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It kind of feels like dispensing praise for not robbing a bank, but hey, in today’s North Carolina political world , we’ll take what we can get.

Accordingly, the House of Representatives deserves a sincere ‘attaboy and ‘attagirl for passing legislation this week to require electronic records filing by most local and state candidates and political committees. The provision was watered down somewhat and doesn’t go into effect for three years, but it’s better than nothing. As the good people at the Coalition for Lobbying and Government Reform noted with justifiable pride:

“The North Carolina Coalition for Lobbying and Government Reform is commends the NC House for passing a bill today to require electronic filing of campaign reports.  All political campaigns and committees raising and/or spending more than $5,000 will be required to submit electronic reports to the NC Board of Elections beginning January 1, 2017.

The Coalition has been working for over five years to get electronic filing which will make it easier for citizens to see how much money candidates raise and from whom.  It will save the state money because state employees will no longer have to key in data from handwritten or typed reports.
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ICYMI, the Wilmington Star-News hits the nail on the head with this editorial on transparency in charter schools. After noting efforts by local charter school boss and all-purpose right-wing crusader Baker Mitchell to keep details of his Roger Bacon Academy secret, the editorial says this:

“The state Senate is considering a bill that would make it abundantly clear that Mitchell and other charter school owners and operators are bound by North Carolina’s public records and open-meetings laws. Period. The Senate Education Committee on Wednesday passed the bill that clarifies that point, as well as one that is intended to ensure that charter school proposals are not rejected arbitrarily.

But some Honorables have made noise about deleting the disclosure provision – the one that is supposed to assure taxpayers that their education dollars are being spent to educate children, not to enrich private companies being paid by the state to compete with public schools.

They should leave it in, and Gov. Pat McCrory should refuse to sign any bill that does not unequivocally state that charter schools, funded overwhelmingly by taxpayers’ money, are subject to the same disclosure rules as “other” public schools.

Of all people, Republican lawmakers who rode into office decrying wasteful government spending surely recognize that the best remedy for that thing they so despise is transparency – especially when it comes to how tax dollars are spent.”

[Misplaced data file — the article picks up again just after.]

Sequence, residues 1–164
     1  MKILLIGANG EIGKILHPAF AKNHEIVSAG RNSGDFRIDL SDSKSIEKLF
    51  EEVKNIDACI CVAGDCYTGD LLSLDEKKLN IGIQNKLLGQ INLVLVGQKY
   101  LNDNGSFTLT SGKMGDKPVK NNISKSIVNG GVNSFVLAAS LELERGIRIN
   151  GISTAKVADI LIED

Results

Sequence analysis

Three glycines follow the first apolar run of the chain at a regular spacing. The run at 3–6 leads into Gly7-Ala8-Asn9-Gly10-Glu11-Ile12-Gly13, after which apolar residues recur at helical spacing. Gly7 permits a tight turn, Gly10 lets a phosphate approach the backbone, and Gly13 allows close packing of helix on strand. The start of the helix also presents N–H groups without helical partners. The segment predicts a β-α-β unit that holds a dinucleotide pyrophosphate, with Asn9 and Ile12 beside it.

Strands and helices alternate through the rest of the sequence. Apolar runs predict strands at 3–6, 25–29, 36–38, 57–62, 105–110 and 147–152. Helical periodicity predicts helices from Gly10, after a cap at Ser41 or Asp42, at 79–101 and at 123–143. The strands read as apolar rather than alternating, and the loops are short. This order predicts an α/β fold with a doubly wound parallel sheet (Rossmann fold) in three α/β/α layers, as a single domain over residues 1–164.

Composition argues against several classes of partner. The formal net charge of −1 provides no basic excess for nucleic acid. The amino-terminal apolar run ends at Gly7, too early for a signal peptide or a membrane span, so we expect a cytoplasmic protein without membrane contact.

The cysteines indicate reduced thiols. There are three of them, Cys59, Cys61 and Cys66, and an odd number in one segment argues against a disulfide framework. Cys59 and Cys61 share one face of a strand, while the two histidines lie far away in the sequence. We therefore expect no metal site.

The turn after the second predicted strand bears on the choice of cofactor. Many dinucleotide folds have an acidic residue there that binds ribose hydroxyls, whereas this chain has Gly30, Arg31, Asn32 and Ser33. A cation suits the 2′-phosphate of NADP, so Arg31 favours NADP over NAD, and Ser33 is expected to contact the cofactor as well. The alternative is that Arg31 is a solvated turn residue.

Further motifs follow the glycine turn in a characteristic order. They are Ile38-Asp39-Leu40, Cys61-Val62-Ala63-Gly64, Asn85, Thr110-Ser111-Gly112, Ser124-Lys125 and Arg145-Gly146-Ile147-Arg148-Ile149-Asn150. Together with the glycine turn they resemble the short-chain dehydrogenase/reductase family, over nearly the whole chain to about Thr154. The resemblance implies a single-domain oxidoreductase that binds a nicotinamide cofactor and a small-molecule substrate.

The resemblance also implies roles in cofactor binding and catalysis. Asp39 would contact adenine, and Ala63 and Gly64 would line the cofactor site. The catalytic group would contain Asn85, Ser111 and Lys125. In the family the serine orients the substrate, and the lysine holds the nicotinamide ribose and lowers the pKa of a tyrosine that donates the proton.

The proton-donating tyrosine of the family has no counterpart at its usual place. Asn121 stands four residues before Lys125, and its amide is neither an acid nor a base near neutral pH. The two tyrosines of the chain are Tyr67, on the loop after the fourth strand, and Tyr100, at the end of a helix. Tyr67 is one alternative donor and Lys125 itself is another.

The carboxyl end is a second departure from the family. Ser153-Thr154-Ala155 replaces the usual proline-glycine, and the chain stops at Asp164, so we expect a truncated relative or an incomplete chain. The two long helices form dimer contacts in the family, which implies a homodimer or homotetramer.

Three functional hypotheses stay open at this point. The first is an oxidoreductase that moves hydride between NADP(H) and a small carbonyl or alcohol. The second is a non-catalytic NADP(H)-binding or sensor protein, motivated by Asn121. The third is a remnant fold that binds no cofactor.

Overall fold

Read the entire editorial by clicking here.

It looks like state legislators may be taking their cue from North Carolina Secretary of Health and Human Services Aldona Wos on an important issue: public access to government information.

A few weeks back, as you will recall,  Wos solemnly informed reporters that transparency can be “dangerous” in government. Today, the state Senate put Wos’ philosophy into action by passing legislation to do away with public notice requirements for several local governments.

WRAL.com has the story: Read More

The NC House and Senate gather in Raleigh Wednesday for a one-day meeting to elect officers and adopt rules for the 2013 session. The organizational gathering will allow the members to “hit the ground running” when they reconvene on January 30th.

The one-day session was also part of the motivation for Pat McCrory taking the oath of office last Saturday. McCrory wanted to officially be North Carolina’s Governor when lawmakers came to town.

Jane Pinsky with NC Coalition for Government and Lobbying Reform says while the capital city is filled with plenty of new political faces, she is hopeful there will be greater transparency in both Gov. McCrory’s administration and the new General Assembly.

Pinsky shared her thoughts on News & Views with Chris Fitzsimon. Click below for a portion of that radio interview, or download a podcast of the full segment from the NC Policy Watch website:

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The Center for Public Integrity, in collaboration with Global Integrity and Public Radio International, just released an eye-opening “State Integrity Investigation” that assesses all states’ transparency, accountability and anti-corruption mechanisms. The data-driven ranking system gave five states a B grade; 19 states received a C; 18 states received a D; and eight states earned an F. North Carolina received a C- and is a featured example in the investigation – conflicts of interest in the billboard law as well as the lack of sanctions for lobbyists who fail to register. Read More